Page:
Modern electronic systems consist of a fairly heterogeneous set of components. Today, a single system can be constituted by a hardware platform, frequently composed of a mix of analog and digital components, and by several software application layers. The hardware can include several heterogeneous microprocessors (e.g. GPP, DSP, GPU, etc.), dedicated ICs (ASICs and/or FPGAs), memories, a set of local connections between the system components, and some interfaces between the system and the environment (sensors, actuators, etc.). Therefore, on the one hand, multi-processor embedded systems are capable of meeting the demand of processing power and flexibility of complex applications. On the other hand, such systems are very complex to design and optimize, so that the design methodology plays a major role in determining the success of the products. For these reasons, to cope with the increasing system complexity, the approaches typically used today are oriented towards co-design methodologies working at the higher levels of abstraction. Unfortunately, such methodologies are typically customized for the specific application, suffer of a lack of generality and still need a considerable effort when real-size project are envisioned. Therefore, there is still the need for a general methodology able to support the designer during the high-level steps of a co-design flow, enabling an effective design space exploration before tackling the low-level steps and thus committing to the final technology. This should prevent costly redesign loops.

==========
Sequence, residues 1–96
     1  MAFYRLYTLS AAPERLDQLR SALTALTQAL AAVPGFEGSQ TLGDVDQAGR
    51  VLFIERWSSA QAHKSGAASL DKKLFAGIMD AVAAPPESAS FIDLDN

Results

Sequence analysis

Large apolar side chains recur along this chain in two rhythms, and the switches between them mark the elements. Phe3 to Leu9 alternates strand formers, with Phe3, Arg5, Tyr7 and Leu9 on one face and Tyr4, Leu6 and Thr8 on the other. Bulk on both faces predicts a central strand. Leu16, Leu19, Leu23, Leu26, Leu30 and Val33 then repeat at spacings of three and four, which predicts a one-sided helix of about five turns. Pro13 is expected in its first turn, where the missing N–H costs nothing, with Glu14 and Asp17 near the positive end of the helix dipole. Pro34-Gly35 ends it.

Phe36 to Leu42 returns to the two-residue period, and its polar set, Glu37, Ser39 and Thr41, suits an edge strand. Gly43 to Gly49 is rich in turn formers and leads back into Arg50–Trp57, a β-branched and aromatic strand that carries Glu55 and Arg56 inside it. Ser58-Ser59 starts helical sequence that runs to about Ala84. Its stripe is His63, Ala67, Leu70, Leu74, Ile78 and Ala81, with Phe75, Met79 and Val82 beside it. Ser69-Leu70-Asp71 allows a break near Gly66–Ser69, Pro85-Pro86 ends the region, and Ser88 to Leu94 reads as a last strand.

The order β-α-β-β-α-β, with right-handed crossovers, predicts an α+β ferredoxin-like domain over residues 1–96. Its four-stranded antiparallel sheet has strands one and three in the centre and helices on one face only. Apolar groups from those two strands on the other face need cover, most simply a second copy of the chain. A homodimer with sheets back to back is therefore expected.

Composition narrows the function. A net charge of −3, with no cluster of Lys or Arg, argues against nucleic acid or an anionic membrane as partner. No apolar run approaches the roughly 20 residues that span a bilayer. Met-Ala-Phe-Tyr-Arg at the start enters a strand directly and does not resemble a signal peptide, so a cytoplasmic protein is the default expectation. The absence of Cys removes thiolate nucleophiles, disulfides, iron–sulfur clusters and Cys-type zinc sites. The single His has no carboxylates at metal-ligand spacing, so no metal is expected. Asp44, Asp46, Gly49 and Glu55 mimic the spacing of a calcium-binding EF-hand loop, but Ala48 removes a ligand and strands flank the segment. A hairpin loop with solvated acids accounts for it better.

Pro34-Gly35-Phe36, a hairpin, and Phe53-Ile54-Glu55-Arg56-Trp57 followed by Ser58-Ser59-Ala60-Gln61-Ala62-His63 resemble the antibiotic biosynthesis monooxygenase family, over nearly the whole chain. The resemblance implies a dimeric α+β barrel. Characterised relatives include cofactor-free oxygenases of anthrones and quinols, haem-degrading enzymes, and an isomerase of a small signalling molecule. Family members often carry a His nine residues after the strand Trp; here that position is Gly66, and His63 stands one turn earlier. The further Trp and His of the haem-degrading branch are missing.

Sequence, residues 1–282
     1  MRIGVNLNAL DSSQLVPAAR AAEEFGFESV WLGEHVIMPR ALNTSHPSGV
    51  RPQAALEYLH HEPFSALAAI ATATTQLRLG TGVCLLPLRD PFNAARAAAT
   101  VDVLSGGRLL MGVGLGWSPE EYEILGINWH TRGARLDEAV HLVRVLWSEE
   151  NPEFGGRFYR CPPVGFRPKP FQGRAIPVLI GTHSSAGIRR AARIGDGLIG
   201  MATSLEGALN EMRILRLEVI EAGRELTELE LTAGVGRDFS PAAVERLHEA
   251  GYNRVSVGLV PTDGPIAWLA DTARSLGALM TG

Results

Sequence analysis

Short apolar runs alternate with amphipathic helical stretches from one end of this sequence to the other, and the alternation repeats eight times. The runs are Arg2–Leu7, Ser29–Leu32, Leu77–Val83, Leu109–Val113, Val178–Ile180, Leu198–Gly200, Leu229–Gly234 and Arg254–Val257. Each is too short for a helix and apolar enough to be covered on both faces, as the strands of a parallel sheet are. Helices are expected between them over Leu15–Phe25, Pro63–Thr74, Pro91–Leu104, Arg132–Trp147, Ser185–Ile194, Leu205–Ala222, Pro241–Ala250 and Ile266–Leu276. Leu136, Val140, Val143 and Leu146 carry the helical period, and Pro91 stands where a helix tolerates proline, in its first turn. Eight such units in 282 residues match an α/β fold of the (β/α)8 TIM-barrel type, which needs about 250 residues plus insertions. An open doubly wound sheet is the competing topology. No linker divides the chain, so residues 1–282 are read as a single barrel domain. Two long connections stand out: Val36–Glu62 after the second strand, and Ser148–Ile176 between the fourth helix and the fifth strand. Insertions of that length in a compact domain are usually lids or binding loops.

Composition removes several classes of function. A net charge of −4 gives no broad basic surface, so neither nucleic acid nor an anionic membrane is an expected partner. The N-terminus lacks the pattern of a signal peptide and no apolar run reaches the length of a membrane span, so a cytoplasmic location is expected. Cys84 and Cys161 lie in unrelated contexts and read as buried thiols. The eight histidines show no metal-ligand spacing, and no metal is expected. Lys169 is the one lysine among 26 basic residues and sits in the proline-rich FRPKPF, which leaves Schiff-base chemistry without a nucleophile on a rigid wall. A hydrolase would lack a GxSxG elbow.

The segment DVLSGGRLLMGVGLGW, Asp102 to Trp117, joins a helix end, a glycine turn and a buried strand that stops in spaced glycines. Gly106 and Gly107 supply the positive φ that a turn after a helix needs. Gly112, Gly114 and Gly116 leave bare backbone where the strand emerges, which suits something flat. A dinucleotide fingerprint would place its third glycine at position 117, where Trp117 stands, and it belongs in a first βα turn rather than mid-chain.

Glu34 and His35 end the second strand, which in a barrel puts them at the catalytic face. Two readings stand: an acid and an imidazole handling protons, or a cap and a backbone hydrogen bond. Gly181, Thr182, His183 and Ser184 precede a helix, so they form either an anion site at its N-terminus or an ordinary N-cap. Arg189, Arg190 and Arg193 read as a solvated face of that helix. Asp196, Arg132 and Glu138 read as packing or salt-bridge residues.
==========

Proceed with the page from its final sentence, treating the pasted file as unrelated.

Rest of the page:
In such a context, the work described in this book, composed of two parts, aims at providing models, methodologies and tools to support each step of the co-design flow of embedded systems implemented by exploiting heterogeneous multi-processor architectures mapped on distributed systems, as well as fully integrated onto a single chip.
The first part focuses on issues like the analysis of system specification languages, and the analysis of existing system-level HW/SW co-simulation methodologies to support heterogeneous multi-processor architectures. The second part focuses mainly on Design Space Exploration, and it presents both some theoretical advancements with respect to the first part, and the development of a prototypal framework that provides practical exploitation of the proposed concepts.
HW/SW Co-Design, Electronic System-Level Design, Heterogeneous Multi-Processor Architectures, Embedded Systems, Dedicated Systems